MOSCOW/KYIV (Reuters) – Alexander Lukashenko, the leader of Belarus, has thanked Russian state-backed television channel RT for providing journalists to help prop up Belarusian state media after hundreds of staff went on strike in protest against his rule.
Some Belarusian media workers have walked off the job during more than three weeks of protests over a disputed Aug. 9 presidential election marred by vote-rigging allegations that have triggered huge street protests against Lukashenko.
Russia, a close ally of Minsk, has stepped in to help Lukashenko weather the biggest challenge yet to his 26-year rule, providing diplomatic and other support while promising military help if necessary.
Lukashenko said that Kremlin-backed RT, formerly known as Russia Today, had played a vital role in helping Belarusian state media keep running despite the mass staff walk-offs.
“You understand how important you were to us during this difficult period. And what you demonstrated technically, your IT specialists, and journalists, and correspondents, and so on … and your manager. This is worth a lot,” said Lukashenko.
“I am grateful for this support,” the former Soviet state farm boss said in an interview aired by RT on Sept. 1.
The RT correspondent who conducted the interview told the Belarusian leader it was important to acknowledge that RT had not actually been taking people’s jobs.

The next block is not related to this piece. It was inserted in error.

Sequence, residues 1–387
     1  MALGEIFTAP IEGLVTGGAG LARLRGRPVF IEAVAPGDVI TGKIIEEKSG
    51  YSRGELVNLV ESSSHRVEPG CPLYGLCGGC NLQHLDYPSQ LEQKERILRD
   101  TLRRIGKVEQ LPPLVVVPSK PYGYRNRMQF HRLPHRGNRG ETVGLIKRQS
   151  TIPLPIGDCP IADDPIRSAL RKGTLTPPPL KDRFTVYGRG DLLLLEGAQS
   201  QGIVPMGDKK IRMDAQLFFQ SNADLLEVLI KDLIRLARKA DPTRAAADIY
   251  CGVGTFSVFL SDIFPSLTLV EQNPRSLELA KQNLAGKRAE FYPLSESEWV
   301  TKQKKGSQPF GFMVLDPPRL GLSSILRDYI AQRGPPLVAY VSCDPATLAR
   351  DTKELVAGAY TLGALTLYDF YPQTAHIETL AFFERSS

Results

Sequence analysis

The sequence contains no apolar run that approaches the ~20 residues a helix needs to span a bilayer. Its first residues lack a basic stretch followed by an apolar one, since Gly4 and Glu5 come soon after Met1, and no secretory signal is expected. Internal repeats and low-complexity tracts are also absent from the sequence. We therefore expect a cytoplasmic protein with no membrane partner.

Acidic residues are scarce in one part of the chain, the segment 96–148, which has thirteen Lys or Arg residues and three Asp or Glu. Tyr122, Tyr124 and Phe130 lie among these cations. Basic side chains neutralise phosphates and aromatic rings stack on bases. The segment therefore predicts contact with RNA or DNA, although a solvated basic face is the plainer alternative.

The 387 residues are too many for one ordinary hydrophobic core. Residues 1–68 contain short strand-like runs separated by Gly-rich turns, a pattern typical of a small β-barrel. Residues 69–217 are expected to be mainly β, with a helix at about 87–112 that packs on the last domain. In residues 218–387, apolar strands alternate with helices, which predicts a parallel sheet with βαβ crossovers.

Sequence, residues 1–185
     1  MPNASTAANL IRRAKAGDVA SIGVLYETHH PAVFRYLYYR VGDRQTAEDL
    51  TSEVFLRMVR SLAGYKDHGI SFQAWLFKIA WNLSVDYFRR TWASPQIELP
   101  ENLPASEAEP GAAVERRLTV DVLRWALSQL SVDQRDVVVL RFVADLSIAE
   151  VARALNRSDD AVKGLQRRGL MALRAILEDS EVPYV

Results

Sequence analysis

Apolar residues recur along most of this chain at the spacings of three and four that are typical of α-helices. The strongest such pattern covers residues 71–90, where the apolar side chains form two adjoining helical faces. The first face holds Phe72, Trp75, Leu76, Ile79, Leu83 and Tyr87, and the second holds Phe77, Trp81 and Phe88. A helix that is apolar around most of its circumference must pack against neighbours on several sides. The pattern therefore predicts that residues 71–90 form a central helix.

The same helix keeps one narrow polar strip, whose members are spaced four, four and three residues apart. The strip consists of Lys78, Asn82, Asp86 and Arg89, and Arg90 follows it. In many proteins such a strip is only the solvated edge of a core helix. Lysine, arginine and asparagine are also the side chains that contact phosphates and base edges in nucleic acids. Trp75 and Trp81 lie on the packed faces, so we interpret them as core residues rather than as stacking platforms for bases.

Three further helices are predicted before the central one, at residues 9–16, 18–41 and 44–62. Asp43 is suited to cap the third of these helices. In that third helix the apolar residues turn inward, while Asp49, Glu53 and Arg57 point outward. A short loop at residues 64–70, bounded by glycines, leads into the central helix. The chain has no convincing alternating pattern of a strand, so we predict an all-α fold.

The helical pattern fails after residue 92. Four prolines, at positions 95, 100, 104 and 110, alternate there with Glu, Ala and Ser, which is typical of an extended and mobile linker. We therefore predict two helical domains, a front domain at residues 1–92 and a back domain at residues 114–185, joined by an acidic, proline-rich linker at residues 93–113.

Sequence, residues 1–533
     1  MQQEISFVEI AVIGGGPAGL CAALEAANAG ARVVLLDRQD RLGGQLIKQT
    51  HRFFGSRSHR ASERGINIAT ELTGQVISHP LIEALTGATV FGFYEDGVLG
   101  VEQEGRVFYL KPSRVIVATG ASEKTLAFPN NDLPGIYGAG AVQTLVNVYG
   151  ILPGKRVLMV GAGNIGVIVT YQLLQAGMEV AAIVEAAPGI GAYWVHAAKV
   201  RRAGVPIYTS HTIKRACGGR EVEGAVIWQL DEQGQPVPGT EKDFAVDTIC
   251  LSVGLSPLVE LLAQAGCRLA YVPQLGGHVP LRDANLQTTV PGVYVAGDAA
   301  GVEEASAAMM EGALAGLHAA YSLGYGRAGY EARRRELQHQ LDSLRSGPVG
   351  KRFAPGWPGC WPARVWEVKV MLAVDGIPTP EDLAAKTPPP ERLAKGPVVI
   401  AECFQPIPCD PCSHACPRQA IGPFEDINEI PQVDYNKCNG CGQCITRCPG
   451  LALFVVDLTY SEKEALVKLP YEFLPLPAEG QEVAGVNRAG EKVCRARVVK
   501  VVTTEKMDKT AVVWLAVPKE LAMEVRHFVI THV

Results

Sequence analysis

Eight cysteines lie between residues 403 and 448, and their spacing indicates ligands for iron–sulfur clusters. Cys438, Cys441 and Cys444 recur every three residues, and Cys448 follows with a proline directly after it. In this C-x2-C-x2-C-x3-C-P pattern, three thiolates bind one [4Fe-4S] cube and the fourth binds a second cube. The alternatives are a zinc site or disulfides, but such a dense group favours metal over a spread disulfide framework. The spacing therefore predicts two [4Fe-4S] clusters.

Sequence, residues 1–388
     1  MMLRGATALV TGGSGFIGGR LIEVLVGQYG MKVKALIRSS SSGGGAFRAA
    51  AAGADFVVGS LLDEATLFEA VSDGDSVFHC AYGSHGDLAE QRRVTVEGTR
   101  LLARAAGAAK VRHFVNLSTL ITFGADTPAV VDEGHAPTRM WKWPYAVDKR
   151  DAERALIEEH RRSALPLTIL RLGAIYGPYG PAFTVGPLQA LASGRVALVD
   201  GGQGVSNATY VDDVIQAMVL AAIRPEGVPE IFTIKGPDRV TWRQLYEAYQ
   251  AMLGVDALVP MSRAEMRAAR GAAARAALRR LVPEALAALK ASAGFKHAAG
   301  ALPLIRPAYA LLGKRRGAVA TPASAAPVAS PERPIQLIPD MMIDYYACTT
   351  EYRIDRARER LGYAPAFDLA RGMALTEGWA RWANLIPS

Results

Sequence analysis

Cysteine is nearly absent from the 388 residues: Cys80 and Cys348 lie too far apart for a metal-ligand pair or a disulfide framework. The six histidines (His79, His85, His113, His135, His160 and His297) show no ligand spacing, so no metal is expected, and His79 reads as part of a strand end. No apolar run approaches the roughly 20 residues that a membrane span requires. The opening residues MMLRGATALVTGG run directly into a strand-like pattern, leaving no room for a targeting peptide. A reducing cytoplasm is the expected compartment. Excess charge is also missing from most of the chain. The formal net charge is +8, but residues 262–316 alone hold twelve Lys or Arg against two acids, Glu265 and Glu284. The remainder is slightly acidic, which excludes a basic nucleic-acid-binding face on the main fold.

Lukashenko said that he was fully briefed on the situation and was aware that RT was working “as our teams”.
RT told Reuters in a statement its crews “were able to provide some technical expertise to the local media” while in Belarus. RT was also able to share some video content as it does with other outlets, it said.
More than 300 Belarusian staff refused to continue working at several pro-Lukashenko state media television stations as part of an anti-government media strike that began on Aug. 17, strike coordinator Ksenia Lutskina told Reuters.
Many of them were critical technical staff, ranging from lighting specialists to cameramen, she said. More than a hundred people simply resigned.
Lutskina said Russian media staff began flying into Belarus a day after the strike began and were offered salaries of around $2,000 a month – higher than the national average wage and much more than outgoing Belarusians had been paid.
“One of the comrades on that plane coming in used to work with our guys earlier so we found out about this really quickly,” she said.
State television reports are now also being circulated on social networks. Lutskina said that in one such clip, the sound was edited to make it appear – falsely – as if protesters were chanting at prominent protest leader Maria Kolesnikova to “go away.”
Lutskina said Belarusian state TV coverage has changed radically under Russian influence and that the new arrivals appeared to be deliberately avoiding Belarusian staff who had remained at the media outlets.
“No one has actually seen the guys who do the text, they don’t sit with us,” she said.
Yekaterina Pytleva, a striking Belarusian media worker, said the channels had made unusual errors in their coverage, for instance referring to Belarussia as opposed to Belarus.
A spokeswoman for the Belarusian State TV and Radio Company declined to comment. She said she was not authorized to comment on statements by Lukashenko.
The Kremlin said RT took its own decisions about who to send where.
(Reporting by Tom Balmforth in Moscow and Ilya Zhegulev in Kyiv; editing by Andrew Osborn and Hugh Lawson)